• Cortisol;
  • DHEA ratio;
  • HIV-1-infected men;
  • IFN-α;
  • lipodystrophy;
  • VLDL cholesterol


Background We have previously shown that lipid alterations in HIV-1-associated lipodystrophy (LD) are correlated with decreased serum dehydroepiandosterone (DHEA) and increased cortisol:DHEA ratio and IFN-α levels.

Objective To evaluate in a longitudinal study whether steroid and cytokine modifications are associated with the evolution of physical changes and lipid alterations associated with LD.

Methods Thirty-four HIV-1-positive men were followed during 32·5 ± 4·0 months and tested at four time-points. The patients were subdivided into five groups according to physical changes and anthropometric measurements: LD-negative, initially LD-negative becoming LD-positive, LD-positive unchanged, aggravated or improved. Serum lipids, apolipoproteins, adrenal steroids and cytokines were measured and compared with baseline values.

Results (1) LD aggravation is associated with persistent elevated lipids, a decrease in serum DHEA, an increase in cortisol:DHEA ratio and persistent high levels of IFN-α. (2) LD improvement is associated with normalization of serum lipids, an increase in serum DHEA leading to normalization in cortisol:DHEA ratio, and normalization of IFN-α levels. (3) In LD-positive men evolution of VLDL cholesterol is negatively correlated with DHEA (r = −0·56, P < 0·01) and positively with cortisol:DHEA ratio (r = 0·62, P < 0·004) and with IFN-α (r = 0·57, P < 0·01). (4) The switch to LD is associated with a decrease in serum DHEA. (5) Patients who remained LD-negative maintained normal lipids, elevated cortisol and DHEA, and normal cortisol:DHEA ratio and normal levels of IFN-α.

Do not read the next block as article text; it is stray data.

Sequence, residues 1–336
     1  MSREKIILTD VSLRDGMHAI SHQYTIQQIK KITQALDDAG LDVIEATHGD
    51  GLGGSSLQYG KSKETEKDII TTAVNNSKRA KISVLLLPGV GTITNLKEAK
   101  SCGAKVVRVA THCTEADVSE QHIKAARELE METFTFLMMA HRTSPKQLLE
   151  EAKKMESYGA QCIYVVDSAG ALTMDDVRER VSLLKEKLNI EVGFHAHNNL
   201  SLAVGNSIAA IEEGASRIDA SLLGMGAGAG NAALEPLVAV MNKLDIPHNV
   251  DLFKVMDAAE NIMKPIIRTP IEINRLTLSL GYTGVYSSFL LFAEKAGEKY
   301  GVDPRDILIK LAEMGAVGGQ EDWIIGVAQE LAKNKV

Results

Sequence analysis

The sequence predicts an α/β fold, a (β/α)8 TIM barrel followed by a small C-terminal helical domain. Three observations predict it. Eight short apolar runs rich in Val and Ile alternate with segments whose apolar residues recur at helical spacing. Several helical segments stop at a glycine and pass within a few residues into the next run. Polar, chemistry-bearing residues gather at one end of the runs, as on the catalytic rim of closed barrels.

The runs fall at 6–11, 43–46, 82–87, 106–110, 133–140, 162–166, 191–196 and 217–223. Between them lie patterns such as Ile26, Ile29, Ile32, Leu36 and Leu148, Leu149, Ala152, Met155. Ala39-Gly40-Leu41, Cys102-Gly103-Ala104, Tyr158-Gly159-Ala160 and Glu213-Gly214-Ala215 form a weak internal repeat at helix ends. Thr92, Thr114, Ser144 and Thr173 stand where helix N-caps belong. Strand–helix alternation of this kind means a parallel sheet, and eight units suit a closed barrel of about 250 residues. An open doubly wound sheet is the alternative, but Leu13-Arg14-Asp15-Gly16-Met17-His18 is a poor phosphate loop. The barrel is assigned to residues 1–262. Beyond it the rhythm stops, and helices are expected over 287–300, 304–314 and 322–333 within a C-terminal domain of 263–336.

Conclusions This study indicates that cortisol:DHEA ratio and serum IFN-α levels are closely associated with clinical evolution and atherogenic lipid alterations in LD.